The court then devoted the balance of its opinion to the complete trashing of the Poletown opinion, which is a notable event in light of the thousands of citations to Poletown over the years, and the enormous influence that decision has had on the shaping of eminent domain jurisprudence at the state level. The court stated that Poletown “is most notable for its radical and unabashed departure from the entirety of this Court's pre-1963 eminent domain jurisprudence.”

Although the court indicated that the central issue of public purpose may have been waived procedurally by the plaintiffs in that case, it concluded nevertheless that the Poletown holding that property could be condemned for a transfer from one private party to another in the interests of economic development was wrong, and should be overruled. It went on to make the ruling retroactive as to any cases involving Poletown issues that are still in the Michigan courts.

Comment 1: Of course, the big news about this case is the overruling of a hugely significant precedent. The overruling is timely because it is in the midst of a movement among other state courts to test the limits of the eminent domain/economic redevelopment power in their own respective constitutions. DIRT reported on such a case two years ago: In The Southwestern Illinois Development Authority v. National City Environmental, 2002 WL 501593 (Ill. 4/04/02) (the DIRT DD for 4/10/02) the Illinois high court concluded that condemnation of land for purposes of acquisition of a profit making private auto racing track violated the federal Due Process Clause, as well as the state restriction on takings for a “public purpose,” despite compliance with the statutory "industrial development" process, because of lack of public purpose.

Comment 2: In another recent case, City of Las Vegas Downtown Redevelopment Agency v. Pappas, 76 P.3d 1 (Nev. 2003) cert. den. 124 S.Ct. 1603 (3/8/04) the Nevada Supreme Court upheld the condemnation of a private party’s land for purposes of development of a parking garage that would be privately operated as part of a grandiose casino area development in downtown Las Vegas, Nevada. The difference between this case and the Hathcock and Southwestern cases is that here there had been a preliminary determination of blight. But at the time of the determination, there was no concrete redevelopment plan in place, and at the time of the condemnation itself, at least, the condemnee’s property was hardly blighted in any sense other than that it stood in the way of economic development. Dissenters raised a very real question as to whether city agency can draw very loose redevelopment plans as a net in which to attract potential private investors and then deliver all the privately owned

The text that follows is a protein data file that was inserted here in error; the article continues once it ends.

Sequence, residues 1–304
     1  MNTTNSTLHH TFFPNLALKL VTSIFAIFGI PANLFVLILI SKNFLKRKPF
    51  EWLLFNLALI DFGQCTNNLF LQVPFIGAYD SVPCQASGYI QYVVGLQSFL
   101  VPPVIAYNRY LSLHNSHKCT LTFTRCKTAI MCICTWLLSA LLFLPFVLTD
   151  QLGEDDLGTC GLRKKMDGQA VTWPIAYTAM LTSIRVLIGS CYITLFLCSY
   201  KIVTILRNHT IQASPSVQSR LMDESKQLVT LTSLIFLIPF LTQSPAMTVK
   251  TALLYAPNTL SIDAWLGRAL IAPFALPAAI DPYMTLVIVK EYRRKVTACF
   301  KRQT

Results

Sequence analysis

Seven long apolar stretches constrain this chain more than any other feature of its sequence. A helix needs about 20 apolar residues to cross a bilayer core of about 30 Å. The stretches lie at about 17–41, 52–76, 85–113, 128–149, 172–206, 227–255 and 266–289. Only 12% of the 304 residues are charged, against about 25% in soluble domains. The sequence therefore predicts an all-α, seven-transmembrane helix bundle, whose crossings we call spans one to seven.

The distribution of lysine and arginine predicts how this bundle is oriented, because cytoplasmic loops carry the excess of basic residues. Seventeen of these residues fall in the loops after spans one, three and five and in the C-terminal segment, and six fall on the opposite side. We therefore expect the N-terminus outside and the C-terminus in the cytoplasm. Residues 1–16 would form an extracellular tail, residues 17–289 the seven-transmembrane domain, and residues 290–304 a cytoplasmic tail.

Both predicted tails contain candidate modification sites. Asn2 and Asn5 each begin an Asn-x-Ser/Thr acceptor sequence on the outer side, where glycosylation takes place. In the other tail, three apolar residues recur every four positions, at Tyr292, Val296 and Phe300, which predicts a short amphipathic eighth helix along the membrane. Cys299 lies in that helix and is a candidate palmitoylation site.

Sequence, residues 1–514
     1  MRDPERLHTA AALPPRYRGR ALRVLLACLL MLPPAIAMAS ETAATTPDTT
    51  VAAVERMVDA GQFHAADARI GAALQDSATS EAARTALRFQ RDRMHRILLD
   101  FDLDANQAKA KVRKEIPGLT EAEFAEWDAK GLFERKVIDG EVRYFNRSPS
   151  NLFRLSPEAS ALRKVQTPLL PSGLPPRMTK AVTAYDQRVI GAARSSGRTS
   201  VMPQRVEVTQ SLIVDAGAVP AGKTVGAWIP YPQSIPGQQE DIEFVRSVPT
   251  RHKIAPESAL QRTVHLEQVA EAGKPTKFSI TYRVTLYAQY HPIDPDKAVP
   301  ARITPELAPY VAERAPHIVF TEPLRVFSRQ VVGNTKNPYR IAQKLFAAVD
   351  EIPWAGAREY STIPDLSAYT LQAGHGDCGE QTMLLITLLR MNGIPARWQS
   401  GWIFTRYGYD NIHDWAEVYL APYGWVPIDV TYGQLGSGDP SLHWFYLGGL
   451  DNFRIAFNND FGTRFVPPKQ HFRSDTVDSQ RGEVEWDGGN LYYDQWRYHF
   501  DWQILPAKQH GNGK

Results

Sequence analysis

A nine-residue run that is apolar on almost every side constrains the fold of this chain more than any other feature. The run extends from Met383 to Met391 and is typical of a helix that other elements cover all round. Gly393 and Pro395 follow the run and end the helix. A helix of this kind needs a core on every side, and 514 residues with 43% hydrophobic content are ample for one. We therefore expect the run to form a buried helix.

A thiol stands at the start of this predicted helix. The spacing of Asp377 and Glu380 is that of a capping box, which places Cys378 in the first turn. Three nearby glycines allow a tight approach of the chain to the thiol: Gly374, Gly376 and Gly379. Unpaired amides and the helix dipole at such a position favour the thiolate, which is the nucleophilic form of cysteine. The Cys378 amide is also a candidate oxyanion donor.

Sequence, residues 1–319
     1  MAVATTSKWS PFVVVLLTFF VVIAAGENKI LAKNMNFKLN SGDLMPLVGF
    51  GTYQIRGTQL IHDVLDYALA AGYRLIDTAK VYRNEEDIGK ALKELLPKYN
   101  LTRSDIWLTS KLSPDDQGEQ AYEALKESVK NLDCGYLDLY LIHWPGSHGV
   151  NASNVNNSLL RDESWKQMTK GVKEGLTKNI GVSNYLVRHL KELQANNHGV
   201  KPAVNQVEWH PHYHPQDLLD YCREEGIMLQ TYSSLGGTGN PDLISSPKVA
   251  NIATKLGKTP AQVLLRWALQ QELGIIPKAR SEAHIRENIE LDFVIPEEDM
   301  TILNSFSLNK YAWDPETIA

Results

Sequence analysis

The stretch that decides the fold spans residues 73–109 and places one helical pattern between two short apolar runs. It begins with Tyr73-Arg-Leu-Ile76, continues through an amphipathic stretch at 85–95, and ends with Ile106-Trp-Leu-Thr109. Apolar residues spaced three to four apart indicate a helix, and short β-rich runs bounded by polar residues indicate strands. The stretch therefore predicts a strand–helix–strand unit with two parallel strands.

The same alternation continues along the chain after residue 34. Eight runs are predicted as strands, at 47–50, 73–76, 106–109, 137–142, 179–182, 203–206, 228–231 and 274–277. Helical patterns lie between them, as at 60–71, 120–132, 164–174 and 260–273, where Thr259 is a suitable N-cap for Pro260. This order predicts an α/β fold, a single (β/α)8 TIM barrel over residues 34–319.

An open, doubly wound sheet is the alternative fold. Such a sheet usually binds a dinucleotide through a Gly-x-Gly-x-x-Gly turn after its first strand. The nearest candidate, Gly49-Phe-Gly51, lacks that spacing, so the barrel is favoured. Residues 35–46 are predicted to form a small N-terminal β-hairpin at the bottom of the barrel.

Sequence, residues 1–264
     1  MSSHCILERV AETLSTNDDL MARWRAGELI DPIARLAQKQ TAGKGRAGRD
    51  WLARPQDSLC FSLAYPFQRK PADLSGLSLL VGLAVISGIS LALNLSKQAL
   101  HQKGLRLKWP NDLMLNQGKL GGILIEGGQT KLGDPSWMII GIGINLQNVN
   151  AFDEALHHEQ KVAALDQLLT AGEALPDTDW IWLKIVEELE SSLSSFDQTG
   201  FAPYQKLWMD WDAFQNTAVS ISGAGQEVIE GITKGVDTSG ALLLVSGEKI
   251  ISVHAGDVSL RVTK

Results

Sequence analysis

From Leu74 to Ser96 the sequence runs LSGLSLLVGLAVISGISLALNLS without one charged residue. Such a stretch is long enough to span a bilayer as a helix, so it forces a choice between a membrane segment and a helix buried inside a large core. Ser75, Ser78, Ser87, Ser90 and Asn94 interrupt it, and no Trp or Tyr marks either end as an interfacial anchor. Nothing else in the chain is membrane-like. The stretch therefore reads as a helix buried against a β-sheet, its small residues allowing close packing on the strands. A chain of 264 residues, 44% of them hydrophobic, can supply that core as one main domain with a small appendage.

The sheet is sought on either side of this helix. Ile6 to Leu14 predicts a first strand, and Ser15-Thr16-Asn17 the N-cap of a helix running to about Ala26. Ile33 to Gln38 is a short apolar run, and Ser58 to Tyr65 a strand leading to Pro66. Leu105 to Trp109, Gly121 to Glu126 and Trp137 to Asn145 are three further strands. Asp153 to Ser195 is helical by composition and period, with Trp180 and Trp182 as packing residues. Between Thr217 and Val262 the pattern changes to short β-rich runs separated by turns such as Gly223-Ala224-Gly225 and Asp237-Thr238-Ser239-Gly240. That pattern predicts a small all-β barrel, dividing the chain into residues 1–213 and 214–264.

property to these developers for the sole purpose of economic development.

Comment 3: If we accept the proposition that elimination of blighted areas is an acceptable grounds for condemnation of private property, as most courts do, there remain the questions of how and when the determination of blight is made, and on what basis it is reviewable. In many redevelopment schemes, cities establish huge redevelopment areas and leave the plan in place for decades, sometimes, before they ever find a developer with a proposal that they find acceptable. Of course, the declaration of blight itself may have retarded development, which is a separate question. But where is hasn’t, is it appropriate for the City to act on the decades old determination of blight and to ignore the argument that the current state of the property does not support a blight determination? It’s a tough call, because the cities argue, properly, that they need latitude to make an intelligent plan with a reliable development partner. If they run the risk of having to restart their redevelop ment process, they may be forced into an improvident deal or may not undertake their project at all. On the other hand, the landowner interests argue that they are entitled to a real hearing - one that properly evaluates the propriety of tearing away their private property when they don’t want to sell. Is an ephemeral and uncertain redevelopment plan an adequate basis to permanently brand someone’s property as liable for transfer of interests to another private party? Is that really due process?